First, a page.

May 6: Today in Christian History

May 6: Today in Christian History

May 6, 259

After torture aimed at getting them to renounce their faith during the Valerian persecution, James and Marian are beheaded in a North Africa gorge.

May 6, 1237

The bones of St. Sava of Serbia are removed from the Cathedral of the Holy Forty Martyrs in Trnovo to the monastery Mileseva in southern Serbia, where they will remain for three hundred and sixty years until the Ottoman Turks dig them up and burn them.

May 6, 1432

Dedication of the altarpiece for St. John’s Church in Ghent, Belgium, the work of aging Flemish artist Jan van Eyck.

May 6, 1527

Forty thousand mercenaries from the army of Holy Roman Emperor Charles V, hired by Cardinal Pompeo Colonna, sack the city of Rome, killing, torturing, looting, and raping. They burn two thirds of the city. Pope Clement VII is forced to flee to the castle of St. Angelo disguised as a gardener.

May 6, 1531

Twenty-year-old Pierre Viret, beginning a reformation work in his home town of Orbe, Switzerland, preaches his first sermon. He will later extend his preaching to France, where he will be a major player in the creation of the Huguenot movement.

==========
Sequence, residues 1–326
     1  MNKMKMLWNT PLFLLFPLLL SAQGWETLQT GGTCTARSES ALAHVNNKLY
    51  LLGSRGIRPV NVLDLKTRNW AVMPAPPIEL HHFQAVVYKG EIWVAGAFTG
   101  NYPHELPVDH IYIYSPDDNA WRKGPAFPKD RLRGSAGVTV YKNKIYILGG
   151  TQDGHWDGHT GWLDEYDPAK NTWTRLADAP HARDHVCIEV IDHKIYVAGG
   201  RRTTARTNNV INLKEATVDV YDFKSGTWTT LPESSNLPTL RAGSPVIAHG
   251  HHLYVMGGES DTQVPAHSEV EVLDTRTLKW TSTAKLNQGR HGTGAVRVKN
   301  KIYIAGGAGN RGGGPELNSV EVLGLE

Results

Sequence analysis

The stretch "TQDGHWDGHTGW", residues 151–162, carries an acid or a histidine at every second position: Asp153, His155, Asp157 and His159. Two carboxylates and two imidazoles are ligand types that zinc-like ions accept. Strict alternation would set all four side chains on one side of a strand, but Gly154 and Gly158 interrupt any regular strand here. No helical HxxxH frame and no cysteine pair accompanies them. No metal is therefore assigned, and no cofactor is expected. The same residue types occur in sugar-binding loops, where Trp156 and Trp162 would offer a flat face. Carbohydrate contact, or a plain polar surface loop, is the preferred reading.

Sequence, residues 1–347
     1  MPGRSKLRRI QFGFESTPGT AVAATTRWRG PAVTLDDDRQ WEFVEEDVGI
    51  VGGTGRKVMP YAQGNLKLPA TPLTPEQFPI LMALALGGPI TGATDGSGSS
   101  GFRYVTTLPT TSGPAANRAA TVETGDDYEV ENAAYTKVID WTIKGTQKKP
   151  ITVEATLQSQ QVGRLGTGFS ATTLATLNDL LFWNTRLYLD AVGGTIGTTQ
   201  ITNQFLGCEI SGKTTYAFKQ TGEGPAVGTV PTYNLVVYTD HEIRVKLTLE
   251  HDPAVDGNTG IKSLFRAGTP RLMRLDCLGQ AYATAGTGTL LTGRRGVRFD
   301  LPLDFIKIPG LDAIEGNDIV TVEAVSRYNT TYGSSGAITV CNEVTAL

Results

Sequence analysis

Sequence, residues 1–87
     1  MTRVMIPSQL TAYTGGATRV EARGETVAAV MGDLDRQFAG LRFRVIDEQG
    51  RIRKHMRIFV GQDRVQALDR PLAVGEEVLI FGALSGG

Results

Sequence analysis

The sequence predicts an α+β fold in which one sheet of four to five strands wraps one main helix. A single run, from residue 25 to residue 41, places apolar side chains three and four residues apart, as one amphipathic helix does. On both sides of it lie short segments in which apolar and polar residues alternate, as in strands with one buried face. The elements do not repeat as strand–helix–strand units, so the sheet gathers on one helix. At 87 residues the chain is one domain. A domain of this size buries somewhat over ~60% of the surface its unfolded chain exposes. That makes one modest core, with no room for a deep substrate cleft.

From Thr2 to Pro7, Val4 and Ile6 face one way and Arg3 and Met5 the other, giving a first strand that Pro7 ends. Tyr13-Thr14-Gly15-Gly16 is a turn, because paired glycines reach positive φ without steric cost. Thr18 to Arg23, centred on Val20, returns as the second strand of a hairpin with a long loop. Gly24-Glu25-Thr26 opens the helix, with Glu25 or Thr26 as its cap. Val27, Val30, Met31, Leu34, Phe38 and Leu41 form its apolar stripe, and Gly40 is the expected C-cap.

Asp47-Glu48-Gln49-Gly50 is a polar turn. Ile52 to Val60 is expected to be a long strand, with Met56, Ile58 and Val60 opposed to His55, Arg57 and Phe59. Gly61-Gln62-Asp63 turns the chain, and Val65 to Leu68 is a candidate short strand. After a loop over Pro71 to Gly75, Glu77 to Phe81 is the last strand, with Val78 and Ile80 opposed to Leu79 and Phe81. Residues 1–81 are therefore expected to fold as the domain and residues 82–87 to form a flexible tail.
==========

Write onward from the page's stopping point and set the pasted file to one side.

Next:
May 6, 1536

King Henry VIII of England orders that an English-language Bible be placed in every church in the nation.

May 6, 1619

The Canons of Dort, a Calvinist response to the Arminian Remonstrance, are promulgated in Dort’s Great Church before a large congregation.

May 6, 1638

Death of Dutch theologian Cornelius Jansen, who inspired the Catholic reform movement known as Jansenism. Opposed to the teachings of the Jesuits and of Thomas Aquinas, he had adopted Augustine’s doctrine of irresistible grace, but his views on grace and predestination were condemned by the church.

May 6, 1746

Death in Bucks County, Pennsylvania, of William Tennent. Born in Ireland, he had migrated to America where he operated a seminary in a log cabin, infusing his pupils with such evangelistic zeal that they became the leaders of the Great Awakening. They would found many influential frontier schools in their turn.

May 6, 1840

Death in Loretto, Pennsylvania, of Dmitri Gallitzin, a Catholic missionary known as the “Apostle of the Alleghanies.”

May 6, 1861

In a Commemoration Day sermon, Dr. William Selwyn, Lady Margaret Professor of Divinity, and a former Fellow of St. John’s College, Cambridge, reminds his hearers that the college is celebrating “its seventh jubilee,” and pleads earnestly for the erection of a larger chapel. His plea will be successful.

May 6, 1928

A bandit army attacks Qinzhou City and one of the soldiers splits open the skull of thirty-three-year-old Wu Baoying, a Christian doctor who, after years of service with the China Inland Mission, founded the local hospital. His last words, when discovered the next morning in a pool of blood, are “The Lord is with us.”

May 6, 1962

Pope John XXIII canonizes Martin de Porres (1579-1639), a mixed-race associate of the Dominican Order, remembered for his humility and for his charity in nursing the sick.

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